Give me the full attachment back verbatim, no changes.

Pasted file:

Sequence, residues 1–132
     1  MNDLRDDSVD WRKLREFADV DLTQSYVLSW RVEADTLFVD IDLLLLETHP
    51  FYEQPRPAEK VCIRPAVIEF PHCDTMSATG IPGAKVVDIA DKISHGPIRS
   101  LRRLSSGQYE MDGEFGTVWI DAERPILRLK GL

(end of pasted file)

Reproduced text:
Sequence, residues 1–132
     1  MNDLRDDSVD WRKLREFADV DLTQSYVLSW RVEADTLFVD IDLLLLETHP
    51  FYEQPRPAEK VCIRPAVIEF PHCDTMSATG IPGAKVVDIA DKISHGPIRS
   101  LRRLSSGQYE MDGEFGTVWI DAERPILRLK GL